Were it not for the 3D -- a concept I am yet to be sold on in any medium -- it would appear that Study Group head honcho Zack Soto gazed into the musty abyss that is my head-space and fashioned the new Study Group anthology accordingly. At 96 pages, it contains comics by some of the artists I'm most excited by right now: Connor Willumsen, Sophie Franz, Mia Schwarz, Benjamin Urkowitz, Pete Toms, David King, Julia Gfrorer & Sean T. Collins, and more.
Despite the fact that even William Castle -- the B-movie auteur who once attached giant joy buzzers to theater seats in order to get audiences interested in The Tingler -- was tired of it fifty years ago, modern moviegoing audience are witnessing a resurgence in the popularity of 3D! And as though gimmicky, headache-inducing films with inflated ticket prices weren't enough, the desire to add a few other layers to things -- visually speaking, anyway -- is now making its way to comics with Brian Haberlin and Philip Tan's Captain Wonder 3D.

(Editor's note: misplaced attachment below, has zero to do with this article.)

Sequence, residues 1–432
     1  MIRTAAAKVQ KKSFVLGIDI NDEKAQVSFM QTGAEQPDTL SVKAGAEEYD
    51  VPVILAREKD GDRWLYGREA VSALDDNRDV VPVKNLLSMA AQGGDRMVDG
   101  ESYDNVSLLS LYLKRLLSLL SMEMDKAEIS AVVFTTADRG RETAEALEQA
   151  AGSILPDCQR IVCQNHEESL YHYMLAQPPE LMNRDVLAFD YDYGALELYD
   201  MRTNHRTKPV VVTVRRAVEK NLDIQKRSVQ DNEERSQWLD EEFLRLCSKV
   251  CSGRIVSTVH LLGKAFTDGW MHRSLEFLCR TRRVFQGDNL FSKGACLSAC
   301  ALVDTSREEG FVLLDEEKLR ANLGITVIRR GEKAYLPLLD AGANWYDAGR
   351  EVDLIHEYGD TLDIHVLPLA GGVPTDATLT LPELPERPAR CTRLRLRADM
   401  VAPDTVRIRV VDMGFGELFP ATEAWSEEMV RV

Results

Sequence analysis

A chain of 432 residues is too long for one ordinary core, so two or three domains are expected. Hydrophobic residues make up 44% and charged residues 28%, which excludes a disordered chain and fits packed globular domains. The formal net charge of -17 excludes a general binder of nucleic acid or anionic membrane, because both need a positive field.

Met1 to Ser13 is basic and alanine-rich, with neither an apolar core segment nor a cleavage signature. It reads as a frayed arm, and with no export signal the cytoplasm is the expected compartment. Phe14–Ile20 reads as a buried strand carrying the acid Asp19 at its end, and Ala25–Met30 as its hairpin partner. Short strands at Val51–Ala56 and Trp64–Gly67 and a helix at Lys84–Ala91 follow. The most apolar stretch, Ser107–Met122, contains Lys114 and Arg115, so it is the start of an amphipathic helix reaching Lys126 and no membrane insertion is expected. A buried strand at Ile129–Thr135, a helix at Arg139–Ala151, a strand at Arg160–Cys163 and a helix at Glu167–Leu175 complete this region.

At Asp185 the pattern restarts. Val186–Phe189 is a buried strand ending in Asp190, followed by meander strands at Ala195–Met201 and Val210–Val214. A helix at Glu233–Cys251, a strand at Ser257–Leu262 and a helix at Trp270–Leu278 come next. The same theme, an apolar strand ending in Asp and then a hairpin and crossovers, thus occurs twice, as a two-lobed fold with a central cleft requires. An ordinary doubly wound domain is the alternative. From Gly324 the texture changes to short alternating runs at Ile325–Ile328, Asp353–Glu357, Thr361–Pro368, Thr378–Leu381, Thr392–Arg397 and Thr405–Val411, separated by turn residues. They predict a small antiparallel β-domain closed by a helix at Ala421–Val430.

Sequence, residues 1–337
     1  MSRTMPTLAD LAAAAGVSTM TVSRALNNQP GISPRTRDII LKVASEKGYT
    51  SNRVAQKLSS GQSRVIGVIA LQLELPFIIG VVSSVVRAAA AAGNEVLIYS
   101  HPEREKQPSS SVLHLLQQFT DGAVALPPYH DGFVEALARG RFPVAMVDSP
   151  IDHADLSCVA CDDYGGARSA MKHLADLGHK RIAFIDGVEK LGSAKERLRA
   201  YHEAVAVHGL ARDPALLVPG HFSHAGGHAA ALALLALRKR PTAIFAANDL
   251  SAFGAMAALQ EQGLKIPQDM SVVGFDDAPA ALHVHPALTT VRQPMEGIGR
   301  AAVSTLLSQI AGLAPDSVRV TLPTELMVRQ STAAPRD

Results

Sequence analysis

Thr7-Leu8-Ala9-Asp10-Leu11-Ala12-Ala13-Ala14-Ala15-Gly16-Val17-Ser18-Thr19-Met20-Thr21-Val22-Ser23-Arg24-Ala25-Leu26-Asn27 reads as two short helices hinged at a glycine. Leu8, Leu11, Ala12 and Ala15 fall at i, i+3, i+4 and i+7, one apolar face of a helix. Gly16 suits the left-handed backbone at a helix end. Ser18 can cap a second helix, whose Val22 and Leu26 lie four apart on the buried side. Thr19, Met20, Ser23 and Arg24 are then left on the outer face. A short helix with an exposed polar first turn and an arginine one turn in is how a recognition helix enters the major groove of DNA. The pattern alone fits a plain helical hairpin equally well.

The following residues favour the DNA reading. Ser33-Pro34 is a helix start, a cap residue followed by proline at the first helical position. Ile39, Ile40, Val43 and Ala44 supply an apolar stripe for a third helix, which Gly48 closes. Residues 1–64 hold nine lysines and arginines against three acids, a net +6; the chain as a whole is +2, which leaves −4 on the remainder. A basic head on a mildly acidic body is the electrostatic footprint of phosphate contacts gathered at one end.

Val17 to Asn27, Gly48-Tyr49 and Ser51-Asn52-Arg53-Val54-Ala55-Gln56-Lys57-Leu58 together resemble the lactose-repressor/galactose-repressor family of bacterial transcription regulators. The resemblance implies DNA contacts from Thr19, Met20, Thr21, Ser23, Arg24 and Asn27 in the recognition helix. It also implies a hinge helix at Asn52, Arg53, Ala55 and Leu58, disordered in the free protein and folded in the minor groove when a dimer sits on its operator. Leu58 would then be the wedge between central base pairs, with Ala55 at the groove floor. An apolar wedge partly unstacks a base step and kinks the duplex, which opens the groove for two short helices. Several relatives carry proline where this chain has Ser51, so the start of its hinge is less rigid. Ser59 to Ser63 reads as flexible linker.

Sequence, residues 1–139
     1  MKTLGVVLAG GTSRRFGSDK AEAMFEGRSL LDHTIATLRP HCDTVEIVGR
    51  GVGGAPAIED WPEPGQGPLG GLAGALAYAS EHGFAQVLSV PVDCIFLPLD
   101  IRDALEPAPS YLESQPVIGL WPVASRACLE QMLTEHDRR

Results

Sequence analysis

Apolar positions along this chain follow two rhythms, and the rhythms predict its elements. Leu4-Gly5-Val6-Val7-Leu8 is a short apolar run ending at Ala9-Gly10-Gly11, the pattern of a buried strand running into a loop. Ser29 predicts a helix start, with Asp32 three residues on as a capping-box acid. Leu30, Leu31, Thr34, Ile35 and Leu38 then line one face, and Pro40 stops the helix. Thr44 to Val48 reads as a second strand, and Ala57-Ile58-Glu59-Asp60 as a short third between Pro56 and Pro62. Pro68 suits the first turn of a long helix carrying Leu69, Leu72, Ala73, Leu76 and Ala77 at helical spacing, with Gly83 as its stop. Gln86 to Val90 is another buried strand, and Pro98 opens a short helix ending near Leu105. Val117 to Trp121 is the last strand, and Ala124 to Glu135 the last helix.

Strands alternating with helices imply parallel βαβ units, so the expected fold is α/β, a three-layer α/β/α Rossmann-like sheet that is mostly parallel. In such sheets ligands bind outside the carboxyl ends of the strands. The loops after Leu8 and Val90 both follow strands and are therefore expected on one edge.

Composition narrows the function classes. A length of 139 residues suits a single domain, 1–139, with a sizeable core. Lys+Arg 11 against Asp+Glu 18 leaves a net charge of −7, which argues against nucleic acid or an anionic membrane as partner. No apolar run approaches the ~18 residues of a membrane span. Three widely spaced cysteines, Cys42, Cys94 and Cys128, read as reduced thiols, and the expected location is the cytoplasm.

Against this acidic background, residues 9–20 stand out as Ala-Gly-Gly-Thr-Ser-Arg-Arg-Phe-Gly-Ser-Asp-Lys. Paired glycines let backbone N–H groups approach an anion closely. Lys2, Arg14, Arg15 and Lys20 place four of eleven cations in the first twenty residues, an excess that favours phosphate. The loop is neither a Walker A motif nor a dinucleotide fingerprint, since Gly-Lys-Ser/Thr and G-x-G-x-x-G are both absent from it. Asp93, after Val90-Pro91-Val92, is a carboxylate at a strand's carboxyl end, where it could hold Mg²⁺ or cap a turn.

Of course, 3D comics aren't exactly new; they've been around for decades. I distinctly remember having a Rocketeer comic when I was a kid that came with a set of cutout glasses that were meant to look like the Rocketeer's helmet, and even the legendary team of Jack Kirby and Joe Simon once dabbled in it with what might just be their most obscure creation, Captain 3D: The Man From The World Of "D"!
Even so, recent advancements allow for creators to do full-color stories (like the 3D pages in Superman Beyond and The League of Extraordinary Gentlemen: The Black Dossier), and considering how much money James Cameron's Avatar pulled down, it might be time to give the technology another look. That's why today, we're going through our archives to find The Six Comics That Need To Be 3D. Bonus: We've even made our own 3D versions of the comics, so grab a pair of glasses if you have one handy!
The last major comic book release to employ 3D was Final Crisis: Superman Beyond, which used the divisive process to distinguish "the real world" from those visited by Superman and his companions in a quest to save the multiverse. Your results may vary, but it was if nothing else a creative use of the technology. Image Comics thinks they have something better in Captain Wonder 3D, a new one-shot by Brian Haberlin (Witchb